Diversity, political differences
To the Editor:
Rensselaer has chosen to award Associate Justice of the Supreme Court Antonin Scalia an honorary degree at the 206th Commencement this May. Scalia has served on the Supreme Court for over 25 years, and is an innovator and pioneer in the field of constitutional law due to his originalist framework. In response to his honoring, the Rensselaer Pride Alliance and the Greek Spectrum have issued a joint statement opposing the honorary degree. They state that RPI prides itself on maintaining diversity in its campus community, whereas Scalia, who has frequently proffered legal opinions which threaten the civil rights of LGBTQ individuals (as well as women and other minority groups), does not represent this spirit of diversity. However, the quest for realization of true diversity on this campus is exactly why we ought to respect the decision to award Scalia this honorary degree.
True cultural diversity is attained by welcoming individuals from all backgrounds, independent of ideology, and personal characteristics (to the extent that everyone espouses their views in a peaceful manner). Indeed, groups such as the RPA exist to further this cause—to ensure that those in the LGBTQ community are welcomed and their diversity celebrated, not excluded. This is surely an admirable goal, one that I applaud. It speaks not just to the specific issues that community must deal with, but the larger issue of ensuring that all minority groups are treated equally. However, tolerance is a trait that must go both ways. If we truly believe in the goal of a campus society where everyone receives equal respect, this must also apply to those whose views differ from our own. Refusing to recognize the views of those who we disagree with threatens to engender the same sort of vitriol that we intended to escape in the first place. Instating exclusionary principles regarding what social opinions are fit to be heard on our campus leads to a slippery slope that we ought to avoid; furthermore, it is antithetical to a true academic atmosphere. Respecting those whose views are radically opposed to our own requires an extraordinary amount of courage, but I believe that this is what is demanded of us.
I join these groups in their objection to Scalia’s originalist framework. We ought to continue evolving into a society that unconditionally accepts those whose backgrounds and prejudices we are unaccustomed to, instead of regressing into one that does the opposite. It is for this very reason that I urge the campus community to respect the honoring of a man who has loyally served his nation, even as some of us may harbor serious reservations to his political and social views. We do this because a true academic environment allows for debate and discussion instead of stifling it, and because although there are numerous (and often conflicting) social views carried among us, we are all united in the common purpose of bettering our society and our nation.
RPI: Ignore controversy, honor Scalia
To the Editor:
Recently, the Rensselaer Pride Alliance and Greek Spectrum released a statement condemning the honoring of Supreme Court Associate Justice Antonin Scalia at Commencement. While these organizations are, of course, entitled to their opinion, I urge the administration to press forward and honor Scalia.
RPI awards honorary degrees for many reasons, among them being for individuals who have made significant contributions to public policy. Through his 26 years on the court, Scalia has been a consistent supporter of Constitutional rights and separation of powers as our Founding Fathers intended. As a firearm owner and hunter, the majority opinion Scalia authored in District of Columbia v. Heller is of particular importance to me. However, this editorial is not so much about Scalia’s record as it is about the RPA’s intolerance of anyone with a differing opinion from their own.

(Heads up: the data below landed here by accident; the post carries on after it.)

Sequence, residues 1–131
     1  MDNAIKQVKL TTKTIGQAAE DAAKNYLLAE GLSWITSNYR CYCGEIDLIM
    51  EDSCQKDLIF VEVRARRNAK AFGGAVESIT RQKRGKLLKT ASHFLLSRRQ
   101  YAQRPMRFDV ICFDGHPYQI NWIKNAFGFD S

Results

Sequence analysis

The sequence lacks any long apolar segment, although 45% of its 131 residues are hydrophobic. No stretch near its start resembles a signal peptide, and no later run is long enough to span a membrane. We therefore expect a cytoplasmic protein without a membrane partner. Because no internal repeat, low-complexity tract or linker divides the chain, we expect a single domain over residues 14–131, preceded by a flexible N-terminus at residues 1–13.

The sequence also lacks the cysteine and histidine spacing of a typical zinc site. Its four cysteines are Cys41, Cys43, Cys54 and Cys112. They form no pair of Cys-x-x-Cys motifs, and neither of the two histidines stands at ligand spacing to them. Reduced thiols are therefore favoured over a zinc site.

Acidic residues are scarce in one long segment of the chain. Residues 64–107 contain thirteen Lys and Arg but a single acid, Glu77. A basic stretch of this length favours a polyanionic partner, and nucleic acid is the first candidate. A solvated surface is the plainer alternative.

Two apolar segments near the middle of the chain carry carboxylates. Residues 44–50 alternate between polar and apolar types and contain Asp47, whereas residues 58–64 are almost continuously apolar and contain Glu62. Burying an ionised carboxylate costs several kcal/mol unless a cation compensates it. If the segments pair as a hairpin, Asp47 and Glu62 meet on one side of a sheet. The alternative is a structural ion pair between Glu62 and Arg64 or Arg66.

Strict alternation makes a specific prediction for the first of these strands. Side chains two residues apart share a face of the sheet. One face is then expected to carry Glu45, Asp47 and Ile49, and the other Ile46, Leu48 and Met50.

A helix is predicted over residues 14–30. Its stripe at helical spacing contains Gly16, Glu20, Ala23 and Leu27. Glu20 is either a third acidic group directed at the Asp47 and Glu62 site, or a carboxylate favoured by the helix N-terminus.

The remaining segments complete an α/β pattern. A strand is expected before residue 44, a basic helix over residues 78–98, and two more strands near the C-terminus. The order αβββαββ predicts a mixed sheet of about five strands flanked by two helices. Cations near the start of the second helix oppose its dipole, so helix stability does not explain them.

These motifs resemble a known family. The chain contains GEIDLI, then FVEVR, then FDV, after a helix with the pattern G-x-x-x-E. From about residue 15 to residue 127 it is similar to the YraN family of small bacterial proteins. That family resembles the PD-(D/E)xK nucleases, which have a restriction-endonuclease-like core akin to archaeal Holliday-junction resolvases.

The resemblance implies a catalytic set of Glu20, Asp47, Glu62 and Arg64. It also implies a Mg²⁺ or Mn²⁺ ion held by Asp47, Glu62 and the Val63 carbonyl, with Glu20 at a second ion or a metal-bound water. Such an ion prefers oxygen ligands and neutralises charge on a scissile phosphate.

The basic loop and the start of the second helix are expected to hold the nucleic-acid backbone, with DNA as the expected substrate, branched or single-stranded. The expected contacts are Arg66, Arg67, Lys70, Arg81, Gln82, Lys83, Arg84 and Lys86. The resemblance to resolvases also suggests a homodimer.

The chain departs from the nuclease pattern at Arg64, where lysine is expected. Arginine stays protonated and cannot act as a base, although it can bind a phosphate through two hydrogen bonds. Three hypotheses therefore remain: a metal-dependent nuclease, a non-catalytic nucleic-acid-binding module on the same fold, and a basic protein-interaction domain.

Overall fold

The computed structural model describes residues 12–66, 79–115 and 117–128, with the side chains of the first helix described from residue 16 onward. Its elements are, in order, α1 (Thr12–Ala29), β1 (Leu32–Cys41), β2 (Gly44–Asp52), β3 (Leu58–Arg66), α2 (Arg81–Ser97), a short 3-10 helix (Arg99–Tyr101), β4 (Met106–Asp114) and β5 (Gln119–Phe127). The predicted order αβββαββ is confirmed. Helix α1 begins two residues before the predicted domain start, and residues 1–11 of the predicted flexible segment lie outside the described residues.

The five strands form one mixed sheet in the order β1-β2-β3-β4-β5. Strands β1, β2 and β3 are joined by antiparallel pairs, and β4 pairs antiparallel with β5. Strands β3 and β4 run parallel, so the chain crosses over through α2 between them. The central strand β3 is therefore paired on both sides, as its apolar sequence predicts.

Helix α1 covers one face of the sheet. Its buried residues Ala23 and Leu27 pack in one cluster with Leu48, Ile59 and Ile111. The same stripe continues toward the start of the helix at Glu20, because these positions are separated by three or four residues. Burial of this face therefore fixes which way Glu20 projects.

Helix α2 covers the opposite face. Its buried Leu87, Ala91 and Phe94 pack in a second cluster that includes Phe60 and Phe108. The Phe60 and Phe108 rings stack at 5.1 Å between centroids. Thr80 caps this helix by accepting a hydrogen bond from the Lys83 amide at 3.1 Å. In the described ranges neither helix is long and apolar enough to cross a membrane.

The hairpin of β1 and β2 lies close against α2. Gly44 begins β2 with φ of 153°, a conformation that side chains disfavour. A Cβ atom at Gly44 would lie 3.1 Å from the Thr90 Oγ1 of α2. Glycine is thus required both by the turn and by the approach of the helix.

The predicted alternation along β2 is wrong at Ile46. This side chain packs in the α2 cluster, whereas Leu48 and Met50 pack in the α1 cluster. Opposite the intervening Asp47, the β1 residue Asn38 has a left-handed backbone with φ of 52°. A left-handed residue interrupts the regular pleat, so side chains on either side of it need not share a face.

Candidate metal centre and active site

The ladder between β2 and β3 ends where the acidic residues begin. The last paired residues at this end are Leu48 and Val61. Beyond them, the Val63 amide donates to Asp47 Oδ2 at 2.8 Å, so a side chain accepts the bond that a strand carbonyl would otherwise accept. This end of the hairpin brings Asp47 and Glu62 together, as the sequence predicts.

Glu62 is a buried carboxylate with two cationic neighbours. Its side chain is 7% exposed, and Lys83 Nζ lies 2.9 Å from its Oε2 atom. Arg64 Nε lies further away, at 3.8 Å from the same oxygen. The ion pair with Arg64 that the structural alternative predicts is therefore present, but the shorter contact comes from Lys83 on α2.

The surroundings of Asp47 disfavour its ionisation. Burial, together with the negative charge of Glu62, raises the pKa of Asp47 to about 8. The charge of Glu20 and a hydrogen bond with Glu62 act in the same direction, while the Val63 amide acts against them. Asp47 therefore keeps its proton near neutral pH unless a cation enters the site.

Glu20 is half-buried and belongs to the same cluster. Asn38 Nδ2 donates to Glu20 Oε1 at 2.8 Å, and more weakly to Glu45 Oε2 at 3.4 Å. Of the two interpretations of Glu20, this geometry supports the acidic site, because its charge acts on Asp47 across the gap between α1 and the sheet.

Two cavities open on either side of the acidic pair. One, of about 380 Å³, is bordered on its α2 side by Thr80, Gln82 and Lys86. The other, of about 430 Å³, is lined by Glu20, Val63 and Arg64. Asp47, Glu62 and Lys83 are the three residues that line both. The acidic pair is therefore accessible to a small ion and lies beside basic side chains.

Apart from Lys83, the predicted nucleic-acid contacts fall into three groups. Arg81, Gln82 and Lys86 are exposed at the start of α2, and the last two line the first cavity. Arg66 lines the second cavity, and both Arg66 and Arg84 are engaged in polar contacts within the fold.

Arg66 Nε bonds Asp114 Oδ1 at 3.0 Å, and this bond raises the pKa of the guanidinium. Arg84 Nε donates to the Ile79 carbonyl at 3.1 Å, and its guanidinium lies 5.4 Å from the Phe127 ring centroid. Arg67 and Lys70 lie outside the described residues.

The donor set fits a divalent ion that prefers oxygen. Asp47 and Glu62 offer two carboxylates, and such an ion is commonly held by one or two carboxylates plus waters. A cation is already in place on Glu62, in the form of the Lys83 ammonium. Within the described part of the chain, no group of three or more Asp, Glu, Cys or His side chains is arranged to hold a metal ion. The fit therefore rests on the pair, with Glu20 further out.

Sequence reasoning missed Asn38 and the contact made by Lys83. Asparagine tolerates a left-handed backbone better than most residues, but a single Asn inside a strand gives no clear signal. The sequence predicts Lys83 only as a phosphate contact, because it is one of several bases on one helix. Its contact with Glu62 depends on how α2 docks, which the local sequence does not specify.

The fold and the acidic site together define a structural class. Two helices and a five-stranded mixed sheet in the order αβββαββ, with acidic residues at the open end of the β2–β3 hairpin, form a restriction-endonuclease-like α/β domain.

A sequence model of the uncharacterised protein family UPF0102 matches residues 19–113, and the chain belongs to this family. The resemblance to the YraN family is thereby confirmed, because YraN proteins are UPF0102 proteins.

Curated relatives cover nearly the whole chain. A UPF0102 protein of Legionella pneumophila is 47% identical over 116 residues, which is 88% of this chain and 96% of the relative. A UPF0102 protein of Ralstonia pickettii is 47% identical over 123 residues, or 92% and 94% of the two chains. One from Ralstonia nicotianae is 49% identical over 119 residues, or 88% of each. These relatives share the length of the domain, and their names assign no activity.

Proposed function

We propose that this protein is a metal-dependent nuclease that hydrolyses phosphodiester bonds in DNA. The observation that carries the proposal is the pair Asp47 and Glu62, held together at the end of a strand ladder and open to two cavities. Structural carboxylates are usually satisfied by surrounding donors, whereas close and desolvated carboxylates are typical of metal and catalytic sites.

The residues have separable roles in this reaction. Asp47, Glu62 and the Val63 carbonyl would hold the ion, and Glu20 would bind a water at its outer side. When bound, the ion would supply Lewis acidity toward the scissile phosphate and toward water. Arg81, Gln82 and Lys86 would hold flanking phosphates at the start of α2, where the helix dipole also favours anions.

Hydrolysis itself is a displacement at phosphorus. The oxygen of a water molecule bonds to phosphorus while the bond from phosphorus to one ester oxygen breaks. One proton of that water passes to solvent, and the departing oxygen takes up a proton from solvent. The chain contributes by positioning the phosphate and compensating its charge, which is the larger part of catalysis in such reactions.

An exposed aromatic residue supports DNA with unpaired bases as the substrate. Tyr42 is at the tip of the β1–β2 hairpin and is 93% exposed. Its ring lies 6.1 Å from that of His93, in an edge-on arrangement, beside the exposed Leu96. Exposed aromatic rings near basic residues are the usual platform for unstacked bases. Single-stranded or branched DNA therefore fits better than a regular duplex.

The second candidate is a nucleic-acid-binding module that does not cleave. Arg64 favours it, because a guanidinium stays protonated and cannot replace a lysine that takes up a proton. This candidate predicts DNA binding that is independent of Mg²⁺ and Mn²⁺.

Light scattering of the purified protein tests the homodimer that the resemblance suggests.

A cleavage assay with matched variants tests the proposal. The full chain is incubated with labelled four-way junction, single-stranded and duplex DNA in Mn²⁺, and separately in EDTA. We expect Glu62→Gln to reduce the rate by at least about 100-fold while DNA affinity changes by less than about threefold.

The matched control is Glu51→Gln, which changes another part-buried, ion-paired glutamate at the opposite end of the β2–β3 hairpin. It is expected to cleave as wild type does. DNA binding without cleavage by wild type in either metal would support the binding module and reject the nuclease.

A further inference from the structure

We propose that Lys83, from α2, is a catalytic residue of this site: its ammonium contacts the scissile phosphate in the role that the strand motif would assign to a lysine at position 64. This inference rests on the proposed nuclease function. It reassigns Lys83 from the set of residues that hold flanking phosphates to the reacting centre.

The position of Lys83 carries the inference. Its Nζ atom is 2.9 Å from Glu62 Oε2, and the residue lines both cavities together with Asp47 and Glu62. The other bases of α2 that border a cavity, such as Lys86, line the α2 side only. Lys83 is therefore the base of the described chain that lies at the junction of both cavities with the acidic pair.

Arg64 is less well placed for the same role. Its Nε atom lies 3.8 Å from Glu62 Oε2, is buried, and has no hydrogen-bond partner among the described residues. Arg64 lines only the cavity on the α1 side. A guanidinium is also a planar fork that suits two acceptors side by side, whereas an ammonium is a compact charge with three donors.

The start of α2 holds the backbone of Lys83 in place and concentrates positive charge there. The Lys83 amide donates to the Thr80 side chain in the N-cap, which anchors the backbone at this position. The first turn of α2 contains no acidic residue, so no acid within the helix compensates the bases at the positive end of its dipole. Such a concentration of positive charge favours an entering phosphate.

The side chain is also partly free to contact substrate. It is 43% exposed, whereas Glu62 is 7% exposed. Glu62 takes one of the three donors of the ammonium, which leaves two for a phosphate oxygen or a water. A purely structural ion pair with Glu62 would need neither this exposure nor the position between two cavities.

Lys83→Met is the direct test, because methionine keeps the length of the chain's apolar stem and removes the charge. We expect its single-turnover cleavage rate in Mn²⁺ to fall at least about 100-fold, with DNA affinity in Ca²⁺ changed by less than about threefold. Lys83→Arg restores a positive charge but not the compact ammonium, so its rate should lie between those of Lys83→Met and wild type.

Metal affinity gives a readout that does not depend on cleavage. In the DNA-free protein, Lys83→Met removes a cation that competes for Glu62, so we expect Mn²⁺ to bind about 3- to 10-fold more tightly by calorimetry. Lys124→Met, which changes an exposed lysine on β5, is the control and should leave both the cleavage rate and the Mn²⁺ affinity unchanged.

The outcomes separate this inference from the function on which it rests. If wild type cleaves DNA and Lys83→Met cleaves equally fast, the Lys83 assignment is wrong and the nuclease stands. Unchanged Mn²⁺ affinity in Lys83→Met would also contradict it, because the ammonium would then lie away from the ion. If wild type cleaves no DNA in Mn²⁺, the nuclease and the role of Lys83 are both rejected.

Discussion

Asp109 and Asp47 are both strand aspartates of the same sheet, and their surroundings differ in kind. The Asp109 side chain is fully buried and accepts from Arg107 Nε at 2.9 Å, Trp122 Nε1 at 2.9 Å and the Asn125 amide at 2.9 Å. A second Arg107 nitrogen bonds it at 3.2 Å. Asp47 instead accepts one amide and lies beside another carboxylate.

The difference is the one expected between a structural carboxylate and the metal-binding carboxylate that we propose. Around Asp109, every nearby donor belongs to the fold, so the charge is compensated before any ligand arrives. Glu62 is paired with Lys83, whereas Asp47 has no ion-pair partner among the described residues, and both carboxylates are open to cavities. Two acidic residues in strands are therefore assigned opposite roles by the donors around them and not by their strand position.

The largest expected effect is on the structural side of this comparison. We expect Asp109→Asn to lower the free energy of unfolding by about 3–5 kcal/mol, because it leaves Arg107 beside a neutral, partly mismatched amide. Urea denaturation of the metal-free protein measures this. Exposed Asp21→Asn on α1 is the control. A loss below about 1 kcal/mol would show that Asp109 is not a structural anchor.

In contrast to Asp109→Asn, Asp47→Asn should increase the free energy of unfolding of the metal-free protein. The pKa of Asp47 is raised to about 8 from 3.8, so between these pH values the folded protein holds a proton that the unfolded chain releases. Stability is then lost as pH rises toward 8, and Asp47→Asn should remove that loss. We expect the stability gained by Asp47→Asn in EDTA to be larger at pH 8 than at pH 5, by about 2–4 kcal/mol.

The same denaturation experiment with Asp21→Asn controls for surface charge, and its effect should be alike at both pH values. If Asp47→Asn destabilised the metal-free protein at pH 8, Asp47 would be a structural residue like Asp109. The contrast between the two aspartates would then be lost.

It should be noted that RPI has had controversial commencement speakers in the past. If I had graduated in 2005, I would have been as offended to share the stage with then-Senator Hillary Clinton as some students are claiming to be about sharing the stage with Scalia this year. However, as far as I know, there has been no devaluing of the degree for students who graduated in 2005, nor, do I believe, were there any disturbances to the ceremony, as some students suggested they would do on a recent RPI Reddit thread. Some suggestions on the aforementioned thread included removing one’s gown while crossing the stage, and inciting family, friends, and other audience members to boo loudly when Scalia is honored. I must say, such actions would tarnish a graduation ceremony much more so than being forced to share a stage with someone who has a different ideology.
The RPA has shown its true colors with this statement. For an organization which claims to promote tolerance and awareness, it is clear that this tolerance only extends to people who share their views. I will not hide the fact that I believe marriage is a holy union between one man and one woman. However, such a view does not make me “homophobe” or any variation thereof, it simply makes me someone with a different opinion.
In conclusion, it is my hope that the administration is not swayed by the ramblings of a radical organization, and proceeds with the honoring of Scalia. Surely the RPA understands that this is a diverse campus with many varying opinions, and that it would impossible to find commencement honorees which please everyone. Other groups simply don’t whine about it as much.
ITWS co-terminal ’13